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Astronomy and space

Astronomy and space

Physics World 30th anniversary podcast series – gravitational waves

28 Nov 2018 James Dacey

As regular readers will know, Physics World has just turned 30 and we have been celebrating the anniversary with a range of special content. This includes a 5-part series for our monthly podcast, Physics World Stories, exploring key areas in physics that evolved significantly during the past 30 years. This second episode in the series looks at gravitational waves by revisiting the celebrated first detections by the LIGO collaboration, then looking to the exciting future for multimessenger astronomy.

Along the way, presenter Andrew Glester speaks with several members of the LIGO team: Mark Hannam of Cardiff University; Chris Messenger from the University of Glasgow; and Lisa Barsotti from the MIT Kavli Institute who received of a New Horizons Breakthrough prize for her work on the LIGO detectors. He catches up with Paul McNamara, a project scientist on the European Space Agency’s LISA Pathfinder mission – a precursor to the first space-based gravitational wave observatory.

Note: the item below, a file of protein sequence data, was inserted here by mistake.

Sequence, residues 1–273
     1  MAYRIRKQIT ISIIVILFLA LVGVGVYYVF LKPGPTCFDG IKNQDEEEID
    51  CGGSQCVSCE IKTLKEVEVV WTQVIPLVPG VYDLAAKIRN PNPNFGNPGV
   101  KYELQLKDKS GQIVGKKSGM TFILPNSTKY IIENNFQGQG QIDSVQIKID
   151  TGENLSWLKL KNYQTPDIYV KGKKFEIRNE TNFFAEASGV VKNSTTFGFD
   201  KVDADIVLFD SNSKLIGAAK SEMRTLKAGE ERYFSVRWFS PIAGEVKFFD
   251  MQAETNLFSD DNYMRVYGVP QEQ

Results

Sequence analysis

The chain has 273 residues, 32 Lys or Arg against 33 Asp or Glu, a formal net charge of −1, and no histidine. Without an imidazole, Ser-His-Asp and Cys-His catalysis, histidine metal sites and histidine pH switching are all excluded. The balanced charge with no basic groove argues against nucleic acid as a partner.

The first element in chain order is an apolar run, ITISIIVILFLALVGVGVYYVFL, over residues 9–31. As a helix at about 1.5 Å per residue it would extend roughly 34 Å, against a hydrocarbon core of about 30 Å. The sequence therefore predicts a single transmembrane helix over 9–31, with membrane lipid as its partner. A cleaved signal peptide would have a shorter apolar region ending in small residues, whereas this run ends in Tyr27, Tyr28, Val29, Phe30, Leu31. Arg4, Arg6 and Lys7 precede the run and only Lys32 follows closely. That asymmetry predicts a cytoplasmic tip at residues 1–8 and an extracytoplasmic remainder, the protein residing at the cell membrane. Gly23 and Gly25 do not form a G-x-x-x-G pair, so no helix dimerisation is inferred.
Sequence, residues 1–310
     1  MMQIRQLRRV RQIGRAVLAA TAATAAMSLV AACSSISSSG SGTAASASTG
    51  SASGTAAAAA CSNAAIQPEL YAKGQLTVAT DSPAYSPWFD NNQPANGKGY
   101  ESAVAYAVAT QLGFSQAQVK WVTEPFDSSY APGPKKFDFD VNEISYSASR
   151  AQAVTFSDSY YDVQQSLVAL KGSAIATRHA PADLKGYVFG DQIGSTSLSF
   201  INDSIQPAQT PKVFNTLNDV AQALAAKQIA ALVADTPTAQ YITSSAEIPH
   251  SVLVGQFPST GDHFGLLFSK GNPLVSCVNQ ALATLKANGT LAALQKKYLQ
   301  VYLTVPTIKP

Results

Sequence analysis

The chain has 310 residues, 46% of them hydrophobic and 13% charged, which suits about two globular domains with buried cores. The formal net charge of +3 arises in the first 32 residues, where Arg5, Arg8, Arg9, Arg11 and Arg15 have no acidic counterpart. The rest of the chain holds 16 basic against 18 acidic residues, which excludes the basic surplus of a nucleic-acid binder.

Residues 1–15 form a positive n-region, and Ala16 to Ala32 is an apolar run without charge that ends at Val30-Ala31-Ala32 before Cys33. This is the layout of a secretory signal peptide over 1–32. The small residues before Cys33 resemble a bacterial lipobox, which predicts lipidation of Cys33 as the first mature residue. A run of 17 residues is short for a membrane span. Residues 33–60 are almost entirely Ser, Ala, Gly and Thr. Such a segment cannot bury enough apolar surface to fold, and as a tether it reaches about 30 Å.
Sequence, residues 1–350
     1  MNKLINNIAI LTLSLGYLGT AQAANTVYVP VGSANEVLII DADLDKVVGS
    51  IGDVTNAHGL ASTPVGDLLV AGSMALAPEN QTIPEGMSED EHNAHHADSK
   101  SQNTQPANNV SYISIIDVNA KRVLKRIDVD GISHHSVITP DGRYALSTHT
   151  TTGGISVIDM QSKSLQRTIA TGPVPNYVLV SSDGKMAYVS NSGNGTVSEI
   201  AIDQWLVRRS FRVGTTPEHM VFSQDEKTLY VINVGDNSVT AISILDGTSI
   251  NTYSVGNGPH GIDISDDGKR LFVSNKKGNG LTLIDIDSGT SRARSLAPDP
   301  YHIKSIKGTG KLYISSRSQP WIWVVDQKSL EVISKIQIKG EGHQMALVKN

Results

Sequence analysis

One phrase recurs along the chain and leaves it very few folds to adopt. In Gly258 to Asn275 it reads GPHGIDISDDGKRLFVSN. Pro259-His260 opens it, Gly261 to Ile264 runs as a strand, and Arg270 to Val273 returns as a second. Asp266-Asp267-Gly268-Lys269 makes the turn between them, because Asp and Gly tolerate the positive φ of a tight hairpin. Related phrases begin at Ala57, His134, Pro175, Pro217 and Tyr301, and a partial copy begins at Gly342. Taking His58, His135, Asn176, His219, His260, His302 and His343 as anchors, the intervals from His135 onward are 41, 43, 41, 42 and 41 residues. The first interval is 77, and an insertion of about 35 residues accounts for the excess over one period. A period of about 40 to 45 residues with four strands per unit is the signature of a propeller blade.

Glester also examines the controversy surrounding a recent analysis suggesting that LIGO has not yet discovered gravitational waves. The group at the Niels Bohr Institute in Denmark claimed in a paper on the arXiv preprint server that the positive detections could just be correlated “noise” from LIGO’s two detectors, and they have since followed up with further analyses of the LIGO data. Glester speaks with the group’s spokesperson Andrew Jackson and offers LIGO researchers the chance to respond.

If you enjoy what you hear, then you take a listen to the first episode in this special podcast series, which looked at the past and future of particle physics. Don’t forget you can also subscribe to Physics World Stories via the Apple podcast app or your chosen podcast host.

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